The Bailly question first cropped up earlier this month when a Daily Mirror report claimed the player was worried about being 'frozen out' by manager Jose Mourinho after being kept out of the team following a bout of illness.
There was then further speculation when several media outlets made unverified assumptions about his absence from the club's annual end of season award ceremony this week - was his no-show evidence of a falling out with Mourinho, they asked.
But ESPN has pointed out that Bailly was actually forced to miss the awards evening as a result of a dental problem. He is expected to be available for Friday's game against Brighton, though.
The same ESPN report is also the origin of the Arsenal and Chelsea rumour. Both clubs are said to be monitoring the Ivorian to see how things develop, although it is made clear that Bailly himself 'remains determined to win back his place and remain at Old Trafford'.
Despite strong performances following his £30m arrival from Villarreal in 2016, Bailly has already missed a sizeable chunk of the season through injury and Mourinho has always been notoriously untrusting of players struggling for fitness.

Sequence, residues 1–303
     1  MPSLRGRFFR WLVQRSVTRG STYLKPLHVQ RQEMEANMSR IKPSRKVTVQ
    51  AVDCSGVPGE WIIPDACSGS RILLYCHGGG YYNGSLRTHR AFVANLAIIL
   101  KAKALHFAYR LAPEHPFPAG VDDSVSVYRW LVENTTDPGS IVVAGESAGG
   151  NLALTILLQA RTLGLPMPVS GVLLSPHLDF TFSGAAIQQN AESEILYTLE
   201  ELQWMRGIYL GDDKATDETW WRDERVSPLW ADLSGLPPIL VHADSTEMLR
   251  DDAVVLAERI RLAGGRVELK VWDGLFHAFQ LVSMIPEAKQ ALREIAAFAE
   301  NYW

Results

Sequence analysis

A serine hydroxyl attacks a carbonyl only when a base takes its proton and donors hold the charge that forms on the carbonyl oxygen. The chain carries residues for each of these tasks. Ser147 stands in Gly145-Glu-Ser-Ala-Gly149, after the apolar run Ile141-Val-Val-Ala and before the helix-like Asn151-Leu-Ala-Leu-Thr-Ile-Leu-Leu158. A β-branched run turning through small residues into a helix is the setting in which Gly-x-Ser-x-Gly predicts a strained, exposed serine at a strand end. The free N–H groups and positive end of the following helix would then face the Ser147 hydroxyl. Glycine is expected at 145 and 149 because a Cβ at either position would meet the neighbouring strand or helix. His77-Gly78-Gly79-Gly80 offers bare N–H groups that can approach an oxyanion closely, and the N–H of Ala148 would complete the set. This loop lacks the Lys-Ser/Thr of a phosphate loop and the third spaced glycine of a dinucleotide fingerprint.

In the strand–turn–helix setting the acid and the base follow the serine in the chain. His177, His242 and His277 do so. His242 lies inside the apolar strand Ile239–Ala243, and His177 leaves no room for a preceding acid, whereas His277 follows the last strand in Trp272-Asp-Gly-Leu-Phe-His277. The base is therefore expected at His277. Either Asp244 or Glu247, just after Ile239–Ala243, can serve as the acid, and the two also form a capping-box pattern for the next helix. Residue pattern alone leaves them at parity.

It suggests that Bailly may not actually feature much in the remainder of the campaign, which is sure to fuel even more speculation about a possible summer exit.
Mourinho justified any further exclusion of Bailly in the remaining two weeks of the season, that will see United play four games in two competitions, when he addressed the media on Thursday. He said his other centre-backs - Chris Smalling, Phil Jones, Marcos Rojo and Victor Lindelof - are all fighting to go to the World Cup with their countries and have more pushing them.
Bailly seemingly has less to motivate him. And even though Mourinho doesn't want to make selections decisions based on sentimental reasons, he said he is not a monster and would likely help the others more d
"He's the only central defender whose country is not in the World Cup, so if I have to make a kind of more emotional effective choice to help my players he's the one I'm not going to help," the United boss explained.
"I try not to [make sentimental decisions], I try to be a good team manager and that means being a bit cold, a bit selfish, but I'm not as bad as that and I still have space for some feelings. So when I look to the others fighting for a position in the World Cup, I'm giving less to Eric."